A Yemeni Thesaurus

Reviewed by Daniel Martin Varisco

Yemen Update 25(1989):15-16

[Note: printing errors from the printed version have been corrected. Transliteration does not includes dots under letters.]

al-Himyarî, 'Îsâ ibn Ibrâhîm al-Rab'î al-Wuhâzî ,Nizâm al-gharîb fî al-lugha, Damascus, 1980.

The Arabic language is far more expansive and expressive than any single lexicon can communicate, despite the massive length of classical dictionaries such as Lisân al-‘Arab of Ibn Manzûr or Tâj al-‘Arûs of the Yemeni al-Zabîdî. One of the more interesting lexicographical genres is a type of thesaurus where groups of closely related terms are discussed in sequence. The inestimable value of a work of this sort is that it places at your fingertips a wide variety of terminology on the same subject or of a particular type.

The grandest thesaurus in Arabic is no doubt the encyclopedic effort of Ibn Sîda, whose early 11th century A.D. text, al-Mukhkhassas is virtually exhaustive. Another Roget of the Arabs was Ibn Qutayba, who put together a shorter collection of words a learned man should know; it is a sort of Barnes and Noble guide to adab. This early work of Ibn Qutayba (9th century A.D.) had a profound impact on generations of later scholars. To this genre may now be added another medieval Arabic thesaurus written by a Yemeni scholar named ‘Îsâ ibn Ibrâhîm al-Rab'î al-Wuhâzî al-Himyarî (died A.H. 480/A.D. 1086-7)

Al Himyari's text is called The Arrangement of the Uncommon in Language (Nizâm al-gharîb fî al-lugha) and comprises 102 chapters on a wide variety of subjects. There is literally something for everyone, as will be noted in the contents described below. A first edition was published in a nicely printed, footnoted text from Damascus in 1980; this was edited by the indomitable Yemeni bibliophile Muhammad ‘Alî al-Akwa‘. Al-Akwa‘ provides a brief introduction to the text and author in his rambling style. The edition is based on a ms. which is said to date from the 7th century A.H. A second edition has mysteriously appeared in 1987 and is published by the Mu'assasa al-Kutub al-Thaqâfiyya (Beirut?). It is noted as a second edition, but the editor is not indicated nor is there any reference to al-Akwa‘. The text is virtually identical to the first, but there are a number of unexplained modifications. Unfortunately there are no footnotes, although the terms are mercifully voweled and well-indexed. One can only assume that this second edition has been lifted from the first. Both, however, have been available recently in Yemeni bookstores.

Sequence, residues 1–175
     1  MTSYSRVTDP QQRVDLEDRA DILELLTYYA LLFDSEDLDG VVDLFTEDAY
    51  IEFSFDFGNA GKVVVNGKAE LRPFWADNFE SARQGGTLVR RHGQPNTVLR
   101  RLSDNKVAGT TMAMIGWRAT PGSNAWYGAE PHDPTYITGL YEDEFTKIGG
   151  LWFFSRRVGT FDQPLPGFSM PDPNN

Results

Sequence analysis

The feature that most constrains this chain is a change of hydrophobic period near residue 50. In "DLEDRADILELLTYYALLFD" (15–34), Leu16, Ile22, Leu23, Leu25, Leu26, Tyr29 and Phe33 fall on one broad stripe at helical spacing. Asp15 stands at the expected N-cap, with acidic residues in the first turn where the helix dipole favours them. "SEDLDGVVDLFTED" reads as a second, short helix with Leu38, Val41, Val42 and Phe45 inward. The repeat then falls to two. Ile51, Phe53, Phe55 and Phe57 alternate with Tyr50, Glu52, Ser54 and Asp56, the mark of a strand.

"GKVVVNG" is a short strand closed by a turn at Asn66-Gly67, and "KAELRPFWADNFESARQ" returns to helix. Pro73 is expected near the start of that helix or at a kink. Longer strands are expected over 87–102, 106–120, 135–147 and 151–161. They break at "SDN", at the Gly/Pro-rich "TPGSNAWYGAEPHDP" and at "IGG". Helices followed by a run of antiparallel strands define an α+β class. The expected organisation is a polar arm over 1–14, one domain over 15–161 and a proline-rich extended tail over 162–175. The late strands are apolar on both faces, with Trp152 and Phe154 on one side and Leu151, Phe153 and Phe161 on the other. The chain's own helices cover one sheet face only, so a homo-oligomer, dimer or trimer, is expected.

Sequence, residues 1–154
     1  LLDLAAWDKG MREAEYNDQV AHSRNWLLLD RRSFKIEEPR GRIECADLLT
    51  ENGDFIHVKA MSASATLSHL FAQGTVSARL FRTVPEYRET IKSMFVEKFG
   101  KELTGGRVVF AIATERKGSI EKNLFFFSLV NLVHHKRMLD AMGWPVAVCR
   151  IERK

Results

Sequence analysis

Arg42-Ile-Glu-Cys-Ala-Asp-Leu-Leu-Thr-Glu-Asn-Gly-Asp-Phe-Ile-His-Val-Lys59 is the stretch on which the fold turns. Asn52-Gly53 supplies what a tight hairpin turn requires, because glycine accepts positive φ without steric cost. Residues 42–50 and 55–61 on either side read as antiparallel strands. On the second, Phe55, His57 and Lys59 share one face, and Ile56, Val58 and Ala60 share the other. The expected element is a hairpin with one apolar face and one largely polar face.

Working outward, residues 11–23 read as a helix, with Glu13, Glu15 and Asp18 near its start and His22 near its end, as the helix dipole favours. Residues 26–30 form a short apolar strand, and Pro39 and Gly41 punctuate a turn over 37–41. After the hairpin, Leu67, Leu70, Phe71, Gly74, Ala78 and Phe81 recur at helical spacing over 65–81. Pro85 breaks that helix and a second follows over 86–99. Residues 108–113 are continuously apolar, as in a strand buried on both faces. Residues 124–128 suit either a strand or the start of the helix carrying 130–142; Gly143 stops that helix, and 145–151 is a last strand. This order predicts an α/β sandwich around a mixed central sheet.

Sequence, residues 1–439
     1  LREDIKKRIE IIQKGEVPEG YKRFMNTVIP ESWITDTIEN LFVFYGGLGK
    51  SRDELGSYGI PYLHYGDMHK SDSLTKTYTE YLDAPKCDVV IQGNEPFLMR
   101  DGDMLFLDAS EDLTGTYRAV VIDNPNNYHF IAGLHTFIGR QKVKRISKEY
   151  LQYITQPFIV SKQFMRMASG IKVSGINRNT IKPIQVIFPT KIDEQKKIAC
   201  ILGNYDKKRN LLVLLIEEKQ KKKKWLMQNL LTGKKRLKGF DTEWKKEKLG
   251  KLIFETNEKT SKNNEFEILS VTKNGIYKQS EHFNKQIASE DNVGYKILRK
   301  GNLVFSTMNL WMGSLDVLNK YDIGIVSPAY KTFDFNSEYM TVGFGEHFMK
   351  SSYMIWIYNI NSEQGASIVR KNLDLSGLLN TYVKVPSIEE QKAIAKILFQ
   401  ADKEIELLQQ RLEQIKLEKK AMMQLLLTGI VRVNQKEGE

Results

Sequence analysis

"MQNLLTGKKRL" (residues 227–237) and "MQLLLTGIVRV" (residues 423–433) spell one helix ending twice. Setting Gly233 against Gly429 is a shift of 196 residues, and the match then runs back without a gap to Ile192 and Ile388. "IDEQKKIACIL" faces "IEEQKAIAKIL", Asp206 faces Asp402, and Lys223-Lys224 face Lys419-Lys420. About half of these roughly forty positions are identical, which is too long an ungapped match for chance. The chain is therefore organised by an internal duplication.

The best description of the text is to summarize the chapter headings as they appear: ® Parts of the Human Body, ® Blows to the Body, ® Reason and Intelligence, ® Eloquence, ® Stupidity and Feebleness, ® Beauty, ® Ugliness, ® Height, ® Shortness, ® Excellent Character, ® Bad Character, ® Love, ® Hatred and Enmity, ® Pride, ® Generosity and Kindness, ® Names of the Indwelling Spirit, ® Youth, ® Old Age, ® Strength and Intensity, ® Weakness, ® Stock, ® Purity, ® Character, ® Nearness, ® Farness®, ® Prosperity and Misery, ® Wealth and Poverty, ® Surfeit and Hunger, ® Quenched Thirst and Thirst, ® Wine, ® Honey, ® Milk, ® Meat, ® Names of Women and their Description, ® What is Disgusting about Women's Bodies and their Characteristics, ® Women's Vulva, ® Jewelry, ® Gold and Silver, ® Clothing, ® Pleasant Scents, ® Residences, ® Buildings, ® Tents, ® Courage, ® Cowardice, ® Swords, ® Lances, ® Armor, ® Bows and Arrows, ® War, ® Military, ® Groups, ® Sounds, ® Sounds of Animals, ® Colors, ® Horses&emdash;their Description and Characteristics, ® Donkeys, ® Revenge, ® Invalid Revenge, ® Camels, ® Characteristics of Camels, ® Saddles and Harnesses, ® Mange, ® Travel by Camel, ® Sleep, ® Roads, ® Eating, ® Ibex, ® Ostrich, ® Wild Donkey, ® Birds of Prey, ® Sheep and Goat, ® Lions, ® Wolves, ® Hyenas, ® Young of Animals, ® Breasts of Animals, ® Snakes, ® Locusts, ® Sun, ® Moon, ® Darkness, ® Shadow, ® Clouds and Rain, ® Winds, ® Fertility and Sterility, ® Sea, ® Wells and Buckets, ® Date Palms, ® Plants and Pasture, ® Aromatic Plants, ® Deserts, ® Mountains, ® Soil, ® Time Periods, ® Death and Graves, ® Great Matters, ® Collections, ® Things the Arabs refer to in the Dual.

If you are looking for something abstruse, then you will not be disappointed in this highly eclectic work. For instance, al-Himyari lets you know which term to use for describing sexual activity for various kinds of animals. What the male camel does to the female is jafara (verb); the ram does it as rabada; wild animals of prey do it as safada; the bull does qara‘a and the stallion does ka'ma. The camel, of course, is known for his taraqa and the donkey for bakâ. So much for mounting tension in medieval literature. By the way, a woman with a very fat midriff is known as ‘arakaka. Al-Himyarî is not the most liberated writer and offers few insulting terms that could be directed at men. Indeed his best interests can be summed up by one of the duals discussed at the end of the book. In case you did not know, food and procreation are called atyabân.

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